12 Non-governmental organizations and access to anti-retroviral treatments in Brazil sions on the course of the epidemic and its determinants (foreign trade, intellectual property, social inequalities, sexual and reproductive health, forms of pleasure), instead of limiting, should in fact stimulate creativity, authenticity and solutions to problems, thereby guaranteeing life as a non-negotiable objective. Let us repeat that it may seem that the struggle today in Brazilian is over and has been crowned with triumph, and that all that remains to be done is to set up a plan for action that can maintain the laurels of this conquest within the moulds of neo-liberal pragmatism. The success of the Brazilian policy for combating the HIV/AIDS epidemic can only be understood as such if we keep aware of the fact that as the disease spreads throughout the poorer and more vulnerable communities (and consequently those least capable of confronting the problem), the government and organized civil society will have to review, in a continued and creative spirit of solidarity, their positions and possibilities for dialoguing on the long road that still lies ahead. This road, however, must be shared by a growing number of actors and be sensitive to the problems that the epidemic causes for the international community. One of the facets revealed by the debate on access to treatments and intellectual property laws is the importance of opening up mobilization fronts that include organizations from different countries so as to create a network of international solidarity. This is important because the inequalities between rich and poor countries have been growing so dramatically that developing countries are obliged to create common solutions for the conflicts caused by these economic disparities. The exaggerated profits by large drug companies, the neo-liberal policies that privatize public health, the priority given to unfair intellectual property laws that go against public and community interests, and the omission of many public authorities in handling social inequalities that mark the history of developing countries, all these factors are killing people who suffer from AIDS in Latin America and the rest of the world. As part of the international community, we must find solutions to these questions and fight, through transnational activism, the determining factors behind social and economic exclusion that lie at the bottom of the AIDS epidemic in the developing world. BIBLIOGRAPHICAL REFERENCES ATTARAN, Amir. Resistir à AIDS e à insensatez. Jornal do Brasil, Rio de Janeiro, 5 Aug., p.13. BELOQUI, Jorge. Para uma palestra sobre medicação de AIDS. In: ABIA. Treinamento: temas para discussão, Rio de Janeiro: ABIA, 1998a.. Acesso a tratamento para HIV/AIDS: questões políticas e econômicas. Rio de Janeiro: ABIA/ São Paulo: GIV, 1998 b.(série: Idéias e Ações, 1). BRASIL. Boletim Epidemiológico AIDS. Brasília, DF: Ministry of Health, Year XV, n. 1, 27 th to 40 th epidemiological week, July to Sept Ministério da Saúde. Coordenação Nacional de Prevenção de DST e AIDS. National AIDS drug policy. Brasília, DF: Ministry of Health, EPSTEIN, Steven. Impure science: AIDS, activism, and the politics of knowledge. Berkeley: University of California Press, GALVÃO, Jane : uma cronologia da epidemia de HIV/AIDS no Brasil e no mundo. Rio de Janeiro: ABIA, (Coleção ABIA: Políticas Públicas e AIDS, 2).. AIDS no Brasil: a agenda de construção de uma epidemia. Rio de Janeiro: ABIA/São Paulo: Editora 34, As respostas das organizações não-governamentais brasileiras frente à epidemia de HIV/AIDS. In: PARKER, Richard (Ed.). Políticas, instituições e AIDS: enfrentando a epidemia no Brasil. Rio de Janeiro: Jorge Zahar Editor/ABIA, MATTOS, Ruben; TERTO JÚNIOR, Veriano; PARKER, Richard. As estratégias do Banco Mundial e a resposta à AIDS no Brasil. Rio de Janeiro: ABIA, Divulgação em Saúde para Debate, Rio de Janeiro, n. 27, p , august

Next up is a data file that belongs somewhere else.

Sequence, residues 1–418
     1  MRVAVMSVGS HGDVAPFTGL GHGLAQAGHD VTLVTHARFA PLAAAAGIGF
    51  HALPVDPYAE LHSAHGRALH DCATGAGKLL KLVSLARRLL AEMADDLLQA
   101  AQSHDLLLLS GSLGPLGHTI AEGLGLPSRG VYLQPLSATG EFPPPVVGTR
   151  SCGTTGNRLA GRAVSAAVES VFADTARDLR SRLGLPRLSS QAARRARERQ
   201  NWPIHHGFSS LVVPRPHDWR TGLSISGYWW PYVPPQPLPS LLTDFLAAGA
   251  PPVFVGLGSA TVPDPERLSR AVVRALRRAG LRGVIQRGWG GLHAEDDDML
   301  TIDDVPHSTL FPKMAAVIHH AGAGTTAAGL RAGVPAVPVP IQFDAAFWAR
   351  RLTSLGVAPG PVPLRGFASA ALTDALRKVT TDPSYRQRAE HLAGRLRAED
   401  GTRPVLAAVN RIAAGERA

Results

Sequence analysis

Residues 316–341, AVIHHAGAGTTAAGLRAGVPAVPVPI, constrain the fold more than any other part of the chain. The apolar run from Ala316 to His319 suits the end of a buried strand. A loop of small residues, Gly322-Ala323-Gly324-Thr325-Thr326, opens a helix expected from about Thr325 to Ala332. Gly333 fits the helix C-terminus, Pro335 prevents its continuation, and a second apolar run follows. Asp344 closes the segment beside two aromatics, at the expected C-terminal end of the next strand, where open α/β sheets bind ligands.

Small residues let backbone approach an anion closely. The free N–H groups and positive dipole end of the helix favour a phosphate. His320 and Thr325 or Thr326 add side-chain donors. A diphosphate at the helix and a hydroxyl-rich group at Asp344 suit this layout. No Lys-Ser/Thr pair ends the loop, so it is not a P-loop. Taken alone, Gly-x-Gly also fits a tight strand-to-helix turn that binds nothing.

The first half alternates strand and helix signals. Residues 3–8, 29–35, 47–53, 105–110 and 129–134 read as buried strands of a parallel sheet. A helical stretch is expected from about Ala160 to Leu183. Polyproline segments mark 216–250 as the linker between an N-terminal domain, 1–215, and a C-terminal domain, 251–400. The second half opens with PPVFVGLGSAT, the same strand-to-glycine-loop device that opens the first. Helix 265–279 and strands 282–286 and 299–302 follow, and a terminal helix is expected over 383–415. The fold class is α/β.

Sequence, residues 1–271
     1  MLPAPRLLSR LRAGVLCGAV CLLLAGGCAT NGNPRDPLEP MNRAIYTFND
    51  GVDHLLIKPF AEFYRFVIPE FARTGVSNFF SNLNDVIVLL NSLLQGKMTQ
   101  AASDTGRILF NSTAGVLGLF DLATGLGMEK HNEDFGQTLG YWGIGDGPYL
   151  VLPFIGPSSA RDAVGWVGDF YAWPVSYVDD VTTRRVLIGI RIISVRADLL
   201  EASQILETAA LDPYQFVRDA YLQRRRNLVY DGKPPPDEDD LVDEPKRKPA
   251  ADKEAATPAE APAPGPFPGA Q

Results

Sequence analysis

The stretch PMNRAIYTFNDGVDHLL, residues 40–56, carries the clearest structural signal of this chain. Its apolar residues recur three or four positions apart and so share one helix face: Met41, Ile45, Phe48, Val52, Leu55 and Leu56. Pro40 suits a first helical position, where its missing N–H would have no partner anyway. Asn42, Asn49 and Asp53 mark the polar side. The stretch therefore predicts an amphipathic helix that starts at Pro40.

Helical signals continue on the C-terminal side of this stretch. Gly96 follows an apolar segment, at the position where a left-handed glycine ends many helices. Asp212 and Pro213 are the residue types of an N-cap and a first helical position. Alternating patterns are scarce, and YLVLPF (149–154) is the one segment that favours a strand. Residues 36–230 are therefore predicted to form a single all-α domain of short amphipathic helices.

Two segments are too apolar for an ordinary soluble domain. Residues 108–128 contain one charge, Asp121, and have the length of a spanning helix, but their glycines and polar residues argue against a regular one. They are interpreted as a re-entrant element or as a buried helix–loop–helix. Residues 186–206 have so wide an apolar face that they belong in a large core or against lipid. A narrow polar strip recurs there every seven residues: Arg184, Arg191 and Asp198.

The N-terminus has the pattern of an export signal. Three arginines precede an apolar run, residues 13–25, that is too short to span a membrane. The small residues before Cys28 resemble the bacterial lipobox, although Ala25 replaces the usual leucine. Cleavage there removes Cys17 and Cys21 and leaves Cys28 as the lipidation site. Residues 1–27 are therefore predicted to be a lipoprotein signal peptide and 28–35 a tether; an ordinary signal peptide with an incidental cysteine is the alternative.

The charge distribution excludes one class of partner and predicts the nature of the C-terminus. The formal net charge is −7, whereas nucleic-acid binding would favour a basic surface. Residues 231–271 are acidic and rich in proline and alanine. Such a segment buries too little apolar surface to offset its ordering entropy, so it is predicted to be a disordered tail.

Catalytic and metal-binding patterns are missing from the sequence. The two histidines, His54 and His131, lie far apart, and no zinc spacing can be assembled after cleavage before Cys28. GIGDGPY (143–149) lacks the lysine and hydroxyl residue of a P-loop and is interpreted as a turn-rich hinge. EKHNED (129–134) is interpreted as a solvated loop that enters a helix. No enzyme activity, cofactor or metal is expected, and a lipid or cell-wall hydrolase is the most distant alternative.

13 PASSARELLI, Carlos André F. & TERTO JÚNIOR, Veriano (Coleção ABIA: Políticas Públicas e AIDS, 1). OXFAM. Companhias farmacêuticas x Brasil: uma ameaça à saúde pública. Recife: OXFAM GB in Brazil, PARKER, Richard; GALVÃO, Jane; BESSA, Marcelo Secron. Políticas sociais, desenvolvimento econômico e saúde coletiva. In: (Eds.). Saúde, desenvolvimento e política: respostas frente à AIDS no Brasil. Rio de Janeiro: ABIA/São Paulo: Editora 34, p Parker, Richard. Na contramão da AIDS: sexualidade, intervenção, política. Rio de Janeiro: ABIA/São Paulo: Editora 34, PASSARELLI, Carlos André. As patentes e os remédios contra a AIDS: uma cronologia. Boletim ABIA, 46. Rio de Janeiro, p PASSARELLI, Carlos André; TERTO JÚNIOR, Veriano. Good medicine: Brazil s multifront war on AIDS. NACLA: Report on the Americas, v. XXXV, n. 5, Mar./Apr., p ; PIMENTA, Maria Cristina; PASSARELLI, Carlos André F.; BRITO, Ivo; PARKER, Richard. As pesquisas sobre sexualidade e AIDS no Brasil: entre a demografia e a cultura sexual ( ). Anais do seminário Pesquisa em DST/AIDS: determinantes sóciodemográficos e cenários futuros. Rio de Janeiro: ABIA, p Veriano; PIMENTA, Maria Cristina (Ed.). Anais do seminário Solidariedade e cidadania: princípios possíveis para as respostas ao HIV/AIDS?. Rio de Janeiro: ABIA, p UNAIDS. AIDS in Africa country by country. Geneva: UNAIDS, Available at: <http://www.unaids.org/ publications/documents/epidemiology/determinants/saepap98.html>. Access on 12 May VENTURA, Miriam. Direitos humanos e AIDS: o cenário brasileiro. In: PARKER, Richard; GALVÃO, Jane; BESSA, Marcelo Secron (Eds.). Saúde, desenvolvimento e política: respostas frente à AIDS no Brasil. Rio de Janeiro: ABIA/São Paulo: Editora 34, VILLELA, Wilza Vieira. Das interfaces entre os níveis governamentais e a sociedade civil. In: PARKER, Richard; GALVÃO, Jane; BESSA, Marcelo Secron (Eds.). Saúde, desenvolvimento e política: respostas frente à AIDS no Brasil. Rio de Janeiro: ABIA/São Paulo: Editora 34, WORLD BANK. Confronting AIDS: public priorities in a global epidemic. Washington: World Bank, RIOS, Roger Raupp. Respostas jurídicas frente à epidemia de HIV/AIDS. In: PARKER, Richard; TERTO JÚNIOR, 264 Divulgação em Saúde para Debate, Rio de Janeiro, n. 27, p , august 2003